July 2019 16 e-messenger Methodist Mission and Ecumenical Annual Appeal 2020 Ablution and Shower Facility for Tabaka Rural Training Centre Tabaka Rural Training Centre was started by a group of volunteers from the Methodist Church of New Zealand in 1992. It was established to train youth in a skill which would enable them to earn a living. Over the past 27 years this centre has grown to technical institute with over 25o students, boys and girls receiving technical training in eight different areas. The work of the institute has expanded, but not the facilities for the youth who live in the dormitories.
There is no proper toilet and shower facility for the students. During the annual visit of the Mission and Ecumenical director and the team in consultation with the principal decided to act immediately to build a toilet and shower facility for the Girls’ Dormitory as the first stage and to build a similar facility for boys the following year.
Methodist Mission and Ecumenical Board appeals to all to become partners in mission by supporting the ANNUAL APPEAL 2020 to raise $ 35,000 in 2019 Mission and Ecumenical Fund is registered with the Charities Commission. Registration Number CC51048. Receipts will be issued for tax rebate on the donation. - - ANNUAL APPEAL 2020 – TABAKA ABLUTION FACILITY FUND Please send your donation by cheque in favour of Mission and Ecumenical Fund to: Rev Prince Devanandan(Director) Mission and Ecumenical Board Private Bag 11 903 Ellerslie Auckland 1542 Alternately, do a bank transfer directly to: 02-0800-0766004-03 stating reference as “Tabaka Fund 2020” Please remember to send this cover slip for a receipt when you make a deposit.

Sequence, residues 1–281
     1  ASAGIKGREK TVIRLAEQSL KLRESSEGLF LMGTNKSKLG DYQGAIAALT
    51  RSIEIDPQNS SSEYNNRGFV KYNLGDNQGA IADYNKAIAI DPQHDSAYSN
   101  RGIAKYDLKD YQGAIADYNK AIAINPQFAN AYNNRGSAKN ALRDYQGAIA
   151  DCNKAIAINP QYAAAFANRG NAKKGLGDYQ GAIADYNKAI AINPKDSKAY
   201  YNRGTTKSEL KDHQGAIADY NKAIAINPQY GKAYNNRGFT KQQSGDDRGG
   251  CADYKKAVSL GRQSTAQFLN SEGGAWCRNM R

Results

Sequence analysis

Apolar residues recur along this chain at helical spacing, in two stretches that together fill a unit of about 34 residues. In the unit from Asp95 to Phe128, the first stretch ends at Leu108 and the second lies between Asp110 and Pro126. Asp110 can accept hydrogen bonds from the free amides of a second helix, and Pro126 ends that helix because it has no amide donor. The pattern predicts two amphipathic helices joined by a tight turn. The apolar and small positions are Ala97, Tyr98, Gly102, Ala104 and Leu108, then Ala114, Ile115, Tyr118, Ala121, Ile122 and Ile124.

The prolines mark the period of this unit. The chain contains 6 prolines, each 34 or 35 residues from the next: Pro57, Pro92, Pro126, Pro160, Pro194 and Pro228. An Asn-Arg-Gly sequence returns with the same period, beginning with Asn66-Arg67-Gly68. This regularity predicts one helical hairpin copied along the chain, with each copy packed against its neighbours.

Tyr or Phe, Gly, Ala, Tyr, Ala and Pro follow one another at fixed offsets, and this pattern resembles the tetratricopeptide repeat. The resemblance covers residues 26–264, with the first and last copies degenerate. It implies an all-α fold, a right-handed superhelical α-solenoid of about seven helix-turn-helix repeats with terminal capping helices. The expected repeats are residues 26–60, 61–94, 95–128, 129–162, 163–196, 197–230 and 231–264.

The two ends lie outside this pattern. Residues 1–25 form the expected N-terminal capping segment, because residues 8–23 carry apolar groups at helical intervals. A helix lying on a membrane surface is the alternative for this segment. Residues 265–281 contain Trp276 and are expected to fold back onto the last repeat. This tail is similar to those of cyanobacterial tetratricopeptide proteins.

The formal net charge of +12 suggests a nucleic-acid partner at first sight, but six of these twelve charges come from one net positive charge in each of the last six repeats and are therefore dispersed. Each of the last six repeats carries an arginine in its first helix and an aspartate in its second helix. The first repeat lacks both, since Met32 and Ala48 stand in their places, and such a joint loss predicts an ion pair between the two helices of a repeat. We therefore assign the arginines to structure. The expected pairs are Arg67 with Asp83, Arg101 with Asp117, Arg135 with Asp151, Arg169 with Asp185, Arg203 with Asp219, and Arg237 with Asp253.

Amount _ _ Name - - Address -
July 2019 17 e-messenger ECUMENICAL News & Views Christian World Service Operation Refugee The CWS challenge to raise funds for Syrian refugees continues until September. By eating refugee rations or walking the same distance a refugee did to escape harm, you can help fund education for young refugees in Jordan and Lebanon. Show your concern by signing up to Operation Refugee 2019 as an individual or organise a team to encourage more support. Young people are attending holiday programmes or spending time in local centres run by the Department of Service to Palestinian Refugees in Jordan and Lebanon with volunteer help.
Knowing the refugees are not ready to return to Syria, they are preparing for the new school year in September. Sign up by August 10 to join others doing the second challenge from 10-16 August. The more money we raise, the more support they can give for students with few options.
Our new Relationships Coordinator Eric Park is keen to talk to parishes who might be able to hold an event to help. Organising a Walk for Syria or Dinner for Refugees are two possibilities. If you want to find out more or invite someone to speak, please contact Eric Park at firstname.lastname@example.org or on 022 377 6606 for a chat. Thank you to those who have already supported Operation Refugee. You can donate directly to the Operation Refugee Appeal. Refugee Sunday Thanks to parishes that marked Refugee Sunday on 23 June or another day. Please let Gillian know how you took part or if you have ideas about what we could do to raise awareness of this special day in the calendar.